Within the big data landscape there are multiple approaches to accessing, analyzing, and manipulating data in Hadoop. Each depends on key considerations such as latency, ANSI SQL completeness (and the ability to tolerate machine-generated SQL), developer and analyst skillsets, and architecture tradeoffs.
Below is a discussion segmented by broad latency characteristics of each approach.
Technologies such as Hive are designed for batch queries on Hadoop by providing a declarative abstraction layer (HiveQL), which uses the MapReduce processing framework in the background. Hive is used primarily for queries on very large data sets and large ETL jobs. The queries can take anywhere between a few minutes to several hours depending on the complexity of the job. The Apache Tez project aims to provide targeted performance improvements for Hive to deliver interactive query capabilities. MapR ships and supports Apache Hive today and provides an early Developer Preview of Apache Tez.
Technologies such as Impala and Apache Drill provide interactive query capabilities to enable traditional business intelligence and analytics on Hadoop-scale datasets. The response times vary between milliseconds to minutes depending on the query complexity. Users expect SQL-on-Hadoop technologies to support common BI tools such as Tableau and MicroStrategy (to name a couple) for reporting and ad-hoc queries. MapR supports customers using both Apache Drill and Impala on the MapR Converged Data Platform.
In-memory computing has enabled new ecosystem projects such as Apache Spark to further accelerate query processing. Spark SQL uses in-memory computing while retaining full Hive compatibility to provide 100x faster queries than Hive. MapR customers are using Spark with the MapR Converged Data Platform today.
Unlike batch and interactive queries that are used by business teams for decision making and operate as read-only operations on large datasets (OLAP), point queries are typically done by OLTP and web applications, operating over smaller datasets and typically include insert, update, and deletes. The expected latency is usually very low (e.g., milliseconds) due to the high volume of requests from these applications. MapR ships and supports operational SQL capabilities by providing Apache HBase support on the MapR Converged Enterprise Edition.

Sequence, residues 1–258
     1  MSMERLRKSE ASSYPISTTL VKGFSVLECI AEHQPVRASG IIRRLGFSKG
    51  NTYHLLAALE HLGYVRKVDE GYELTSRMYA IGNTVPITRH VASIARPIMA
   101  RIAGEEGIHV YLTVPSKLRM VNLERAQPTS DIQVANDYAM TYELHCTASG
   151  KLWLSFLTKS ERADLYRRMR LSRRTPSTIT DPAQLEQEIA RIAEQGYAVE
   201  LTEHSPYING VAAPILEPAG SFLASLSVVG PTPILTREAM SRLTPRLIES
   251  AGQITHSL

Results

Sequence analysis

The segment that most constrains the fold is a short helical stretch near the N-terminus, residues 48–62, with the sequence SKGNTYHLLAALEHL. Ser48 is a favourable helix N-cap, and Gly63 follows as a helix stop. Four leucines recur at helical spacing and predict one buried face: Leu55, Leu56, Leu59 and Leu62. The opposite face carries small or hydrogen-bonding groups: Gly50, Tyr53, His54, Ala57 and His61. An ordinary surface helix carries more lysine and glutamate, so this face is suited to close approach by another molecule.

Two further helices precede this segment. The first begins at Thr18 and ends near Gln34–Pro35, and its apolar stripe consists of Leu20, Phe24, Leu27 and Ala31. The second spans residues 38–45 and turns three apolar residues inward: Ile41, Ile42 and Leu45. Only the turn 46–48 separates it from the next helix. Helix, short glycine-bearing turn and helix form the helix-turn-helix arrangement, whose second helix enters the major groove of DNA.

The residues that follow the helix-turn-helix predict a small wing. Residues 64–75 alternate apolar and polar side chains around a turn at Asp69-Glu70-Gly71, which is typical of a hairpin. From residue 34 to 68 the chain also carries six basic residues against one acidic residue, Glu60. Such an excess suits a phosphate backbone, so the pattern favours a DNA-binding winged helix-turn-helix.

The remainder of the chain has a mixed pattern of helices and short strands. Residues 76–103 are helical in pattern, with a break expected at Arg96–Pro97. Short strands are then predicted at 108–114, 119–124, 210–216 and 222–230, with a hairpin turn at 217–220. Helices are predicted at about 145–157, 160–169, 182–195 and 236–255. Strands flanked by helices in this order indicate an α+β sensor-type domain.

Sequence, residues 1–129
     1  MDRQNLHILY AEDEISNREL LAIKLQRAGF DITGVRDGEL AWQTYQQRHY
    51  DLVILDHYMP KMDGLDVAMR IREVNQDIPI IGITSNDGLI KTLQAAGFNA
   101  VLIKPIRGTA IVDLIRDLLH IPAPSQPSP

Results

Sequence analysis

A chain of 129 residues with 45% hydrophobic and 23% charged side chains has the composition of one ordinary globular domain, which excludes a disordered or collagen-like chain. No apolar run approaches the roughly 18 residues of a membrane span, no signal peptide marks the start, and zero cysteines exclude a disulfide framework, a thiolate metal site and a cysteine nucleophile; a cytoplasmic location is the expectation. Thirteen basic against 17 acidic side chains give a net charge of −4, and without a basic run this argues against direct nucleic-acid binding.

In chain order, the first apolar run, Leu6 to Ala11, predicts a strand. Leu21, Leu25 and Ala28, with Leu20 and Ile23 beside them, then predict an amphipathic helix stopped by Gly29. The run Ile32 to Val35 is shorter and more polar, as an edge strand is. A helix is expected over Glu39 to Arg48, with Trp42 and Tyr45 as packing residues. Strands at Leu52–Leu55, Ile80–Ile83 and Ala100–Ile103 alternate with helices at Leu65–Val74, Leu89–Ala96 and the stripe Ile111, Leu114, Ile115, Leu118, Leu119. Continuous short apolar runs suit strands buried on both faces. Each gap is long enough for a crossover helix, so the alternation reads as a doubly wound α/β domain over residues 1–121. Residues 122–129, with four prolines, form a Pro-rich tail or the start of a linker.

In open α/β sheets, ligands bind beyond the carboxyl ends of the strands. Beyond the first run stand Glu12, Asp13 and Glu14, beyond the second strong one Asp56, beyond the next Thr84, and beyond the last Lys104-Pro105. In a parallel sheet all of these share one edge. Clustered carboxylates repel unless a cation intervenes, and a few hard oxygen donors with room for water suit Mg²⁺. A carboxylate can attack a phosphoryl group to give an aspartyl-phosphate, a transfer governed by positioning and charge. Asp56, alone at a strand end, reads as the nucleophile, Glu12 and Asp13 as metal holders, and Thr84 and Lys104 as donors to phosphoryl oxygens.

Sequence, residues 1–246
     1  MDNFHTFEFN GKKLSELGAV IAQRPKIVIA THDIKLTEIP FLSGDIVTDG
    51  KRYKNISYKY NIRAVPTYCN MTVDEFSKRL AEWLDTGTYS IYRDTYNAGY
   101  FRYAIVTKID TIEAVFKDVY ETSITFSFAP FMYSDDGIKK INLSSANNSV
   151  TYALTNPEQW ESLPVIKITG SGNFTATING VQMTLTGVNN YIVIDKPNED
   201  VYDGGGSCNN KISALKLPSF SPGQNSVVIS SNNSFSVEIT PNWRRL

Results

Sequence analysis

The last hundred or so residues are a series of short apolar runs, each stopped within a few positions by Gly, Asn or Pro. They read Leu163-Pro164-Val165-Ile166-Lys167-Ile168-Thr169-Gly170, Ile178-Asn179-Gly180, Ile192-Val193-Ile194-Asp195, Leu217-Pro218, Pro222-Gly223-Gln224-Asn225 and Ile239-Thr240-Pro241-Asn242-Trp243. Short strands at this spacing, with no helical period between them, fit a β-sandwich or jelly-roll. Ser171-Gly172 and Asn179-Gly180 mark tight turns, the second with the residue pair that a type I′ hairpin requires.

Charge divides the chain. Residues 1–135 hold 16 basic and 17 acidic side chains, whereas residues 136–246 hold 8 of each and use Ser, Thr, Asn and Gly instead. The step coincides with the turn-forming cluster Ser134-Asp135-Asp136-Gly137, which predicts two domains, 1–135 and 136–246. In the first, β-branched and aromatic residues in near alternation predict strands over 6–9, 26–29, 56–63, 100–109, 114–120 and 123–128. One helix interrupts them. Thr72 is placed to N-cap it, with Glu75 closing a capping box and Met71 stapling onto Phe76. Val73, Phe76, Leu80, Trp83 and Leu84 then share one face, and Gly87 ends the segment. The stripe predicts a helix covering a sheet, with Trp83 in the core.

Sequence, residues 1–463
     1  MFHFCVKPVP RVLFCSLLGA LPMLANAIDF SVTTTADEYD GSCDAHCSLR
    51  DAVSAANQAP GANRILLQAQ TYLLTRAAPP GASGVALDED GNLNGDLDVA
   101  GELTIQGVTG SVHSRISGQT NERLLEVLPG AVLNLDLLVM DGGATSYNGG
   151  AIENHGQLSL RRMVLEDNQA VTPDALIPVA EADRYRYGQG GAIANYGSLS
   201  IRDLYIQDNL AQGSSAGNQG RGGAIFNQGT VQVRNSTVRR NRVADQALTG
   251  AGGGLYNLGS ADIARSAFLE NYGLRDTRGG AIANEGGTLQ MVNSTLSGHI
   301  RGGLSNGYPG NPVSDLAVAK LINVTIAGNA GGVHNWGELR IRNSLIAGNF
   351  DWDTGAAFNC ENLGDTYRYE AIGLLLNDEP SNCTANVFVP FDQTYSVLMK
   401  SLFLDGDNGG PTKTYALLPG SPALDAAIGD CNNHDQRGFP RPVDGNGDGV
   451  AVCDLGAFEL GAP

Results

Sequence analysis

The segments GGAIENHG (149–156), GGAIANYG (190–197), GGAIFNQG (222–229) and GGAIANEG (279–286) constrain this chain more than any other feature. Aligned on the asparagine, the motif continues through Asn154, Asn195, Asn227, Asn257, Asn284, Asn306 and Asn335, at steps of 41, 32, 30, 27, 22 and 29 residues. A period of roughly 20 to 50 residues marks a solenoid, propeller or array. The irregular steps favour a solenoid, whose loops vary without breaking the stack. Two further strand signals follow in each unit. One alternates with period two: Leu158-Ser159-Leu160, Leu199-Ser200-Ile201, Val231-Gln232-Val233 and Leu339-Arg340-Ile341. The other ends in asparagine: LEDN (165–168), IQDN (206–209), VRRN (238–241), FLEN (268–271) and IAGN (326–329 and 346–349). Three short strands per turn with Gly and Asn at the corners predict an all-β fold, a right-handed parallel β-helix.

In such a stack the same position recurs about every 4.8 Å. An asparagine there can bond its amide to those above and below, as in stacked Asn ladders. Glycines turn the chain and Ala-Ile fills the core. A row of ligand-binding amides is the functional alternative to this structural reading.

Interactive SQL-on-Hadoop Technology Landscape SQL technologies complement traditional data warehouse and analytical environments for:
Technologies and approaches for interactive SQL vary and include (but are not limited to)
Options (1) and (2) excel at SQL support, performance optimizations, and overall enterprise readiness. However, native SQL-on-Hadoop options (3) are evolving as cost-effective alternatives because they have stronger compatibility with the Hadoop ecosystem (e.g., use Hadoop native file formats and common metadata store through Hive)
SQL technologies available on MapR
The table below describes at a high level some of the key considerations for picking the right SQL-on-Hadoop technology. Please contact us for specific questions about your use case.
|Key Use Cases||Self-service Data Exploration Interactive BI / Ad-hoc queries||Batch/ ETL/ Long-running jobs||Interactive BI / Ad-hoc queries||SQL as part of Spark pipelines / Advanced analytic workflows|
|Data Sources||Files Support||Parquet, JSON, Text, all Hive file formats||Yes (all Hive file formats)||Yes (Parquet, Sequence, RC, Text, AVRO ...)||Parquet, JSON, Text, all Hive file formats|
|Hive Meta store||Yes||Yes||Yes||Yes|
|SQL / BI tools||SQL support||ANSI SQL||HiveQL||HiveQL||ANSI SQL (limited) & HiveQL|
|Platform||Latency||Low||Medium||Low||Low (in-memory) / Medium|
|Decentralized Granular Security||Yes||No||No||No|